Those that've been neurotically wringing their hands, waiting for news about Disney's next theme park ride-turned movie project - rejoice! The company has another one in the production pipeline, but it's not based on Space Mountain, Big Thunder Mountain Railroad, or one the company's better-known rides, but an attraction known as The Museum of the Weird.
Chances are that attraction name doesn't ring a bell and with good reason - The Museum of the Weird failed to make it past the conception stage, despite winning the approval of Walt Disney himself.
Disney "imagineers" Claude Coats and Rolly Crump were involved in the development and design of numerous famous Disney park attractions, including The Haunted Mansion and Pirates of the Caribbean. The two fashioned plans for an attraction to compliment their Haunted Mansion - one titled The Museum of the Weird. It would be populated by oddball objects like talking chairs, enchanted carts, and organ-playing specters. While the museum never came to fruition, certain components were incorporated into the mansion itself.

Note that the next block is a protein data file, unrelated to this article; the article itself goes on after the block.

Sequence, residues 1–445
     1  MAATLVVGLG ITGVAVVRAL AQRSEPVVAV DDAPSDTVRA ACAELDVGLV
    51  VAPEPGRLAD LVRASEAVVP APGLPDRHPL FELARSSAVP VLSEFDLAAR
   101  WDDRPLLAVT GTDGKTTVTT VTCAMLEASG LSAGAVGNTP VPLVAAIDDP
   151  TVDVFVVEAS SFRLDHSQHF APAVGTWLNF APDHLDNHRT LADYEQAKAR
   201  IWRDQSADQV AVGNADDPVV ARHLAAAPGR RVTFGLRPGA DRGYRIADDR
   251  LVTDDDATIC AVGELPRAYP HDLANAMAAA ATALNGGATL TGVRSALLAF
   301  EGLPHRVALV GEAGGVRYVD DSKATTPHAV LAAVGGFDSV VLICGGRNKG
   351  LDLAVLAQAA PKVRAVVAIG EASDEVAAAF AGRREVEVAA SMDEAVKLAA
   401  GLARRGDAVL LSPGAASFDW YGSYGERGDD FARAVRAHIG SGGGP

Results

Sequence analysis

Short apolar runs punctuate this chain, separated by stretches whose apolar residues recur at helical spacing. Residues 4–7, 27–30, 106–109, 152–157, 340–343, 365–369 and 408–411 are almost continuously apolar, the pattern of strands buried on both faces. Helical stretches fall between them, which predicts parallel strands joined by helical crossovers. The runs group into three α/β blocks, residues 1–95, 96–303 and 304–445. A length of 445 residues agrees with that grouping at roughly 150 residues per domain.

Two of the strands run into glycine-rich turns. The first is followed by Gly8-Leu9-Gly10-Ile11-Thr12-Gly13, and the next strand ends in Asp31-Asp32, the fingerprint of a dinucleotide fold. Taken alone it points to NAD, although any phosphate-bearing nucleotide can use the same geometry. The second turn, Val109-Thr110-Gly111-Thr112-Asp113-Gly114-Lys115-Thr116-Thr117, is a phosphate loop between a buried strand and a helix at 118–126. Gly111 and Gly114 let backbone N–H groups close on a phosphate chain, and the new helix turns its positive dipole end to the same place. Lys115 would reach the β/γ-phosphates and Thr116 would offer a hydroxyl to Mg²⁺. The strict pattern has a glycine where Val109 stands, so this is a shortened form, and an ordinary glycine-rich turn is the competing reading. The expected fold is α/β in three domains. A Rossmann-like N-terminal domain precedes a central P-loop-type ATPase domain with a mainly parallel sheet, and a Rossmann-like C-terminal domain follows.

24 Frames is reporting that Disney has been talking to screenwriter Ahmet Zappa about developing a script based off the abandoned Museum of the Weird. Zappa has already been brought onboard by the company to pen Tiki, a project that is reportedly not based on the Enchanted Tiki Room (though we suggest you take that claim with a grain of salt).
Museum of the Weird would be the latest addition to the upcoming slate of Disney rides-turned cinematic adventures, whose ranks include next year's Pirates of the Caribbean: On Stranger Tides; Guillermo del Toro's Haunted Mansion reboot; Jon Favreau's Magic Kingdom; and technically even the book-turned-movie-turned-ride-turned-David Fincher project, 20,000 Leagues Under the Sea.
Disney has hired on quite the motley crew of talented filmmakers to realize its famed theme park rides on the big screen. The idea of del Toro crafting a haunted house movie or Fincher tackling Jules Verne's dark tale of sea serpents and maniacal submarine captains would be quite appealing on its own, while Favreau's enthusiam for the Magic Kingdom project is admittedly kind of infectious.
All of these films are cash cows in the making for the company - as they could make for popular fare at the box office and come with already built in marketing ties. The first Pirates of the Caribbean turned out to be a rollicking fun bit of blockbuster adventure - could any of these new theme park attraction-based projects be the same?
We'll keep you posted on the development of The Museum of the Weird as more news comes our way.
Source: LA Times
"Museum of the Weird" conceptual art by Rolly Crump